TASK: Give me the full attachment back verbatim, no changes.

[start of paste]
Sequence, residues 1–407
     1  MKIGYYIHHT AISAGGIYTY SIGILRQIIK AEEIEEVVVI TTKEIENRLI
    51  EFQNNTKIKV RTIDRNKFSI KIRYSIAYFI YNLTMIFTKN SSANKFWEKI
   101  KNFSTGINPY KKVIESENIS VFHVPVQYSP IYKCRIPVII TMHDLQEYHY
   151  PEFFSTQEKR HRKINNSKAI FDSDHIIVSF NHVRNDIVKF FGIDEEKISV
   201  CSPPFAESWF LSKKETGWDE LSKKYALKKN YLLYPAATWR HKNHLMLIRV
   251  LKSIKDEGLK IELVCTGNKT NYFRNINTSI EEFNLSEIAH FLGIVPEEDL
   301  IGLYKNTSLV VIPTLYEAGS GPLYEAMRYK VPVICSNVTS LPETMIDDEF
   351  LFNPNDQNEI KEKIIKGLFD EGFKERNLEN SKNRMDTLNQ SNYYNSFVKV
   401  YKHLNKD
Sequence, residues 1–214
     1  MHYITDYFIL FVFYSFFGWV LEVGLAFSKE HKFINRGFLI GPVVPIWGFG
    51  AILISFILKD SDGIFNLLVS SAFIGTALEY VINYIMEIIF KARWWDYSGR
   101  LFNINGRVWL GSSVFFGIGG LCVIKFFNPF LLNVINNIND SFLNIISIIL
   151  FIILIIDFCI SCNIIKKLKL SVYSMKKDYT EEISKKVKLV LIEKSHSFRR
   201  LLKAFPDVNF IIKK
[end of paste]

Sequence, residues 1–407
     1  MKIGYYIHHT AISAGGIYTY SIGILRQIIK AEEIEEVVVI TTKEIENRLI
    51  EFQNNTKIKV RTIDRNKFSI KIRYSIAYFI YNLTMIFTKN SSANKFWEKI
   101  KNFSTGINPY KKVIESENIS VFHVPVQYSP IYKCRIPVII TMHDLQEYHY
   151  PEFFSTQEKR HRKINNSKAI FDSDHIIVSF NHVRNDIVKF FGIDEEKISV
   201  CSPPFAESWF LSKKETGWDE LSKKYALKKN YLLYPAATWR HKNHLMLIRV
   251  LKSIKDEGLK IELVCTGNKT NYFRNINTSI EEFNLSEIAH FLGIVPEEDL
   301  IGLYKNTSLV VIPTLYEAGS GPLYEAMRYK VPVICSNVTS LPETMIDDEF
   351  LFNPNDQNEI KEKIIKGLFD EGFKERNLEN SKNRMDTLNQ SNYYNSFVKV
   401  YKHLNKD
Sequence, residues 1–214
     1  MHYITDYFIL FVFYSFFGWV LEVGLAFSKE HKFINRGFLI GPVVPIWGFG
    51  AILISFILKD SDGIFNLLVS SAFIGTALEY VINYIMEIIF KARWWDYSGR
   101  LFNINGRVWL GSSVFFGIGG LCVIKFFNPF LLNVINNIND SFLNIISIIL
   151  FIILIIDFCI SCNIIKKLKL SVYSMKKDYT EEISKKVKLV LIEKSHSFRR
   201  LLKAFPDVNF IIKK